Hartford coal mine riot
|Date||July 12, 1914|
|Location||Hartford, Arkansas, United States|
The Hartford coal mine riot occurred on July 12, 1914, at Hartford, Arkansas. In a productive region of a state with 100% of its coal miners represented by the United Mine Workers, one mine owner attempted to open a non-union shop. In the resulting conflict, mines were flooded by sabotage, and on July 17 a crowd of union miners and sympathizers destroyed the surface plant of the Prairie Creek coal mine #3 and murdered two non-union miners.
Resulting litigation in federal courts stretched to an out-of-court settlement of a nominal $27,500 in 1927.
The coal fields and economic prosperity in Sebastian County, Arkansas peaked between 1910 and 1920, with the population in Hartford, Arkansas reaching 4,000 at one point. The clean burning coal yielded from the mines that stretched all along the Hartford/Hackett/Huntington corridor attracted mining interests. Incoming miners were mostly of Italian, German, Polish and Greek heritage.
Local miners had first organized under the Knights of Labor and were, by 1914, earning union wages and benefits under representation of the UMW District 21. All of the mines in the entire state were operated under union representation, except for operations owned by Franklin Bache and Heber Denman.
Since 1910 Bache had been using shell companies to try to circumvent UMW's joint interstate contract and scale of wages for District 21. As that governing agreement was scheduled to expire July 1, 1914, Bache announced in March that he intended to turn his mines into non-union operations. Bache informed Pete Stewart, executive with the UMW, then shut down his mines and prepared to reopen them on an open shop basis on April 6.
Anticipating trouble, Bache employed three guards from the Burns Detective Agency and a number of others to aid him. Hearing rumors of a possible armed confrontation with the disgruntled miners, Bache bought a number of Winchester rifles and ammunition, and surrounded his principal mining plant at Prairie Creek, No. 4, with cables strung on posts.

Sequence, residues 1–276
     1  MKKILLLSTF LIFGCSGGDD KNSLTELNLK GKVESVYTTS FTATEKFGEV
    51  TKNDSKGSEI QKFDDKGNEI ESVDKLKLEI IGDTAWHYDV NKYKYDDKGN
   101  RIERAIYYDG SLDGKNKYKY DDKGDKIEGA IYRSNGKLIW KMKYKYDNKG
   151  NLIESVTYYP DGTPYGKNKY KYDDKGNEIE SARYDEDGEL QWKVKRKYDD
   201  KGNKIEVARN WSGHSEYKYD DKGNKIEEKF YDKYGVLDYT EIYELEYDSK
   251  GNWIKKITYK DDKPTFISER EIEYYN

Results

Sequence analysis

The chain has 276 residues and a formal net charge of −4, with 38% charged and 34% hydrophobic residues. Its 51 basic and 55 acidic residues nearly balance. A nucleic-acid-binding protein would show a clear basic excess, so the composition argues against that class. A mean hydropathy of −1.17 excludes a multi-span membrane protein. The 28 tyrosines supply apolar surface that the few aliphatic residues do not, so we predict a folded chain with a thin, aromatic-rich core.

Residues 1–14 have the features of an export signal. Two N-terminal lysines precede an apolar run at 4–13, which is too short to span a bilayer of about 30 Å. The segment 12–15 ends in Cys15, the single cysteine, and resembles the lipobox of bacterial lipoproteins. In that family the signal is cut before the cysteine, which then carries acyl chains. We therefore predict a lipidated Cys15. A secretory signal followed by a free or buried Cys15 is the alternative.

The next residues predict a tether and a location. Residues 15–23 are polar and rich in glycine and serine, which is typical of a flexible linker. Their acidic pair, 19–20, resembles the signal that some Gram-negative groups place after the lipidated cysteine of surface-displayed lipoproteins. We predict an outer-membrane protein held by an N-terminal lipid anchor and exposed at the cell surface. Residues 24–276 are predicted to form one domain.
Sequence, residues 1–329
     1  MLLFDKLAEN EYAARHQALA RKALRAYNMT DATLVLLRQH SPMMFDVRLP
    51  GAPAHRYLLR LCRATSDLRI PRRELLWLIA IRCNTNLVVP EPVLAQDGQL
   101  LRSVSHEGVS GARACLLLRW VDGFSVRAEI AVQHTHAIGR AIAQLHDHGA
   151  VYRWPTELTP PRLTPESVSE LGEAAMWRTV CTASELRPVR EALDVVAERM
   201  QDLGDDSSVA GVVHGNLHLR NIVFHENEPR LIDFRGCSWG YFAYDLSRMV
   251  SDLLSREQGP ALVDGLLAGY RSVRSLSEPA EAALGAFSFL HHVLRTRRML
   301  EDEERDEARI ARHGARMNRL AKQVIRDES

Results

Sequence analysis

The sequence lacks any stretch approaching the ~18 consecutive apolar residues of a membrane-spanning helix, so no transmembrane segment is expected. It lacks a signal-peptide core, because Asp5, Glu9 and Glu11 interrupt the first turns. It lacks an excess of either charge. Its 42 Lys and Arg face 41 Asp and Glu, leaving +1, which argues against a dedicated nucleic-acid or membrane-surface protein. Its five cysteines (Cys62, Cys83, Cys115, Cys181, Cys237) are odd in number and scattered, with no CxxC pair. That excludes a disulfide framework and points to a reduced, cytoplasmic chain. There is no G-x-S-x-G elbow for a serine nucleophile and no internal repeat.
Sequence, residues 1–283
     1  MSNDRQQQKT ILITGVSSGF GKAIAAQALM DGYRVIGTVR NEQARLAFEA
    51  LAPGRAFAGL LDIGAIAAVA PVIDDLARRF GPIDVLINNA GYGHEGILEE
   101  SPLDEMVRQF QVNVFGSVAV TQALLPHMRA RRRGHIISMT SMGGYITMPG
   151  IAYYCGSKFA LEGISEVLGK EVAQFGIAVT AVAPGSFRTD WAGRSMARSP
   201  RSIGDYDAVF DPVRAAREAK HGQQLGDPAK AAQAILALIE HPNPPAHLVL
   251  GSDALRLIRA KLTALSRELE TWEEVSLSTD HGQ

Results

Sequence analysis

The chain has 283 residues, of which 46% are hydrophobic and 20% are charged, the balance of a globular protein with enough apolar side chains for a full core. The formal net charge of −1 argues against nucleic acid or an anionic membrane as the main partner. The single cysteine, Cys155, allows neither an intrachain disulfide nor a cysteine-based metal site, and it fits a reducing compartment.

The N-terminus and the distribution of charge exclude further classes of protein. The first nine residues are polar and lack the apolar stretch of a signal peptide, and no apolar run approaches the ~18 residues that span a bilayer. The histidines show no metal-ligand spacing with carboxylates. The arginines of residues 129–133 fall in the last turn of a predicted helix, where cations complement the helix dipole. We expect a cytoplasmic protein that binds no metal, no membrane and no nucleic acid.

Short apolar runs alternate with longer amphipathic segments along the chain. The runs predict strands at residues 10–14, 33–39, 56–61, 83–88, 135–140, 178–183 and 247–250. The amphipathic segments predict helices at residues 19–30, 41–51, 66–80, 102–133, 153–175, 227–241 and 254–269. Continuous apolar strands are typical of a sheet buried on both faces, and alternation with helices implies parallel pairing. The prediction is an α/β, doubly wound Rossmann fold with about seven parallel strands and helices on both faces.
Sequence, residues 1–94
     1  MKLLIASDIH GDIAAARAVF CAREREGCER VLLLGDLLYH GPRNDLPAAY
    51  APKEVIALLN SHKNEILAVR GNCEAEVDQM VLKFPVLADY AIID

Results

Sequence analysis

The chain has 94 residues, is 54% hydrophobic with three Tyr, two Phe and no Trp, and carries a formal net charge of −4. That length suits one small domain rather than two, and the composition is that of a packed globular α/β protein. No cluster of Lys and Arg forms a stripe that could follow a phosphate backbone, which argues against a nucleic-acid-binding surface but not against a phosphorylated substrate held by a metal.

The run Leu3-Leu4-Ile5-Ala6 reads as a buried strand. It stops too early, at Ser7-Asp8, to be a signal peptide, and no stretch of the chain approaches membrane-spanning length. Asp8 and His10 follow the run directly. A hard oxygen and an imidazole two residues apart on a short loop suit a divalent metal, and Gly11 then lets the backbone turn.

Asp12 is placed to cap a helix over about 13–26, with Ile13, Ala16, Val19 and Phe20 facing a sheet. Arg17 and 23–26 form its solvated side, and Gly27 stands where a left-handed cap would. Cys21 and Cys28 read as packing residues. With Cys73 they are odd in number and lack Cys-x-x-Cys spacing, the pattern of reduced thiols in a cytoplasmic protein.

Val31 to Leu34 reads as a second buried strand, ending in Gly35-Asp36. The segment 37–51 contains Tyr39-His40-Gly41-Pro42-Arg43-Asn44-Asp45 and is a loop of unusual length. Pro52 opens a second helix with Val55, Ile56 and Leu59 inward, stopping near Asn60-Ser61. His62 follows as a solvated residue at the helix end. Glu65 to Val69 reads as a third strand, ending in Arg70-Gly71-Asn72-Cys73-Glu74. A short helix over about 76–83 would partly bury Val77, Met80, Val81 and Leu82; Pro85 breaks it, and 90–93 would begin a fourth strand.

Bache then had notices prepared and sent to all of his employees who occupied the company's houses that they should vacate unless they remained in his employ under the new conditions. About 30 nonunion men had agreed to show up for work on the date fixed for the mines to be reopened.
The people in the area were urged by the members of the local unions to come to a meeting at the schoolhouse, a short distance from the Prairie Creek mine, for a public protest to the Bache–Denman plans, which they felt would lead to the weakening of the union power throughout the region.
The union officials appointed a committee to visit Bache and insist that the mine under his control remain a union shop. The guards, directed not to use their guns save to defend their own lives, were at the mercy of the union miners, who assaulted them, took their guns away, and injured a number of them. As the union men advanced on the site, the employees deserted the mine which filled with water once the rioters had destroyed the main pumps at the operation.
Bache obtained from the federal District Court an injunction against the union miners and others taking part in the violence, including among them the president of No. 21, Pete Stewart, and other union officials. Bach then prepared to resume mining, with the work progressing under the protection of United States deputy marshals. Meanwhile nonunion miners and other employees were brought in from out of the state and the equipment was repaired and rebuilt.
The United States Marshals were withdrawn from the property on July 15, leaving only private guards and the Burns Detectives. Meanwhile the water had been pumped out and the mining and shipping of coal were about to begin.